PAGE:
Date of Conferral







Sandra Caramela-Miller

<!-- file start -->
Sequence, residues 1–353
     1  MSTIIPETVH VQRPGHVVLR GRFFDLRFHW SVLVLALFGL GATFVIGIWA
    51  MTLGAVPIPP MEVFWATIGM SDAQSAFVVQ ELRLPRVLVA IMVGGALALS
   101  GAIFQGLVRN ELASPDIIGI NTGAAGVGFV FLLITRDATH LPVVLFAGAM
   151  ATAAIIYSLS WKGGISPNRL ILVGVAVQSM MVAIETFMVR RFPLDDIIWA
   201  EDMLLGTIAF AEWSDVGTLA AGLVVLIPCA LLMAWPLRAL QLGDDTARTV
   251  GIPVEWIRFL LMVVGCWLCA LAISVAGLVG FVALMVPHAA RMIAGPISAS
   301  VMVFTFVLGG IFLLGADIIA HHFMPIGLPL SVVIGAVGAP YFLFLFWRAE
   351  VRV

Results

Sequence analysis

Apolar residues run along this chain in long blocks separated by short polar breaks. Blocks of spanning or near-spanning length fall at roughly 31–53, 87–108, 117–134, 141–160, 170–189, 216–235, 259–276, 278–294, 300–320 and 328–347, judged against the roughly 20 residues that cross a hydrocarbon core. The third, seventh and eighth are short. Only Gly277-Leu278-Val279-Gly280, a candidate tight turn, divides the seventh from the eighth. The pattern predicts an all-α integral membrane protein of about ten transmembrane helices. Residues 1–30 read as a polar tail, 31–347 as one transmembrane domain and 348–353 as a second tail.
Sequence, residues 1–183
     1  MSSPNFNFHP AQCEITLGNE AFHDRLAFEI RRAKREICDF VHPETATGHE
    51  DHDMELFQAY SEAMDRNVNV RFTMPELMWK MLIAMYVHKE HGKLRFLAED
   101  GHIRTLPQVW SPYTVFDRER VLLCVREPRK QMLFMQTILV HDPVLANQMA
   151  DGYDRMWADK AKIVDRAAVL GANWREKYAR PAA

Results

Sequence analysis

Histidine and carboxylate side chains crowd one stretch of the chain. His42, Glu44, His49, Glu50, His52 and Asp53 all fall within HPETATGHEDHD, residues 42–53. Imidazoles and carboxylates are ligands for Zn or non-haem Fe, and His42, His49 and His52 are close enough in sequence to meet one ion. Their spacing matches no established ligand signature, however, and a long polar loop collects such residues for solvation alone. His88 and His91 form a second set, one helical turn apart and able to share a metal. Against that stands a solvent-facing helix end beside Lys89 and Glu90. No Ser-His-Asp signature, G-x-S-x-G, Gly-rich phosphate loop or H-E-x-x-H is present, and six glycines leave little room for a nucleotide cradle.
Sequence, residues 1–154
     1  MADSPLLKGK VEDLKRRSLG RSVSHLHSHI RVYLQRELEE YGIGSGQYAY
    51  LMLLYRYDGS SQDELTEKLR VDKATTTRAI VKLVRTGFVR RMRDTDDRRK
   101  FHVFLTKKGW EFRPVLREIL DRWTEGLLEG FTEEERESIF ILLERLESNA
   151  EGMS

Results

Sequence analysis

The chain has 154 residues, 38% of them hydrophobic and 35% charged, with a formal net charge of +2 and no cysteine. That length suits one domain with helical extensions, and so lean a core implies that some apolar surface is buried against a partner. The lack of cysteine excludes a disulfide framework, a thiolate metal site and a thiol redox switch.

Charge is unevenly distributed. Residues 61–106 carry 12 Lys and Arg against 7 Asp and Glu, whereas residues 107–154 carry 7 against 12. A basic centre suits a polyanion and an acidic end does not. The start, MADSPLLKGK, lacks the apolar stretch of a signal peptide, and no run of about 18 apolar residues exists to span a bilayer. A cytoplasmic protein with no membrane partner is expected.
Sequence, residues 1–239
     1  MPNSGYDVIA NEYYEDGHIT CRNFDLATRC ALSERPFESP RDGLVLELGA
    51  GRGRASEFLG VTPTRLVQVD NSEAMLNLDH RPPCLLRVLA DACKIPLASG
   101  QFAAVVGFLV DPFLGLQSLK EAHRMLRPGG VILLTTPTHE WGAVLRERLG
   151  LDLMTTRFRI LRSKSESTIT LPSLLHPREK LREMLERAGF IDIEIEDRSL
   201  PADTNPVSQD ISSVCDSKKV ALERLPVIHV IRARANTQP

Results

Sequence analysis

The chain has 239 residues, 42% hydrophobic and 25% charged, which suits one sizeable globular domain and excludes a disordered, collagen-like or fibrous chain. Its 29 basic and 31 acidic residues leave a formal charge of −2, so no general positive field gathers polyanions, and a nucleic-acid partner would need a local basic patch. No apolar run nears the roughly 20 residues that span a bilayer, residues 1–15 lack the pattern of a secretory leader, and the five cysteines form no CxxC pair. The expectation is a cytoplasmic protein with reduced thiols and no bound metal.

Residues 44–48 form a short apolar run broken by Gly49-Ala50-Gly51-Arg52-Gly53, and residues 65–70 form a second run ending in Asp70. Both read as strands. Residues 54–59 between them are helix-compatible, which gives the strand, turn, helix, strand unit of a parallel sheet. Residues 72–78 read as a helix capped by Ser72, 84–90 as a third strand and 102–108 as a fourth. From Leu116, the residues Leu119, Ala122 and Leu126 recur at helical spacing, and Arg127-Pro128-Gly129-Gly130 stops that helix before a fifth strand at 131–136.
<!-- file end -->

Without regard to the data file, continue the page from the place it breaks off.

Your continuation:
The goal of many female offenders when released from prison is reunification with their children. However, resumption of motherhood is a gendered challenge that may increase the risk of recidivism. The purpose of this research was to investigate whether resuming custody of minor children would increase the risk of recidivism or support and maintain desistence. This research is grounded in feminist theory, identity theory, and self-control theory with a quasi-experimental design. The key research question, whether motherhood increased the risk of recidivism, was investigated using a researcher-generated, 18-question research questionnaire. Additionally, the Dispositional Self-Control (DSC) scale consisted of 17 questions to investigate the impulsive behaviors of the participants. Ninety-three participants were chosen for the research and divided into two groups: mothers and nonmothers. A 2x2 chi-square analysis was used to examine the answers from the 18-question survey. Results revealed that motherhood had no influence on the housing, employment, substance abuse, mental illness, and victimization that have been known to influence recidivism among female offenders. The DSC scale also displayed no significant difference between mothers and nonmothers for risk of recidivism. Both mothers and nonmothers had previously recidivated multiple times. Thus, recommendations include improved community resources to assist with negotiating reentry into the community. Positive social change begins with the improving substance use intervention, mental health treatment, improved housing, and employment, which benefits the community, government, and ex-offenders.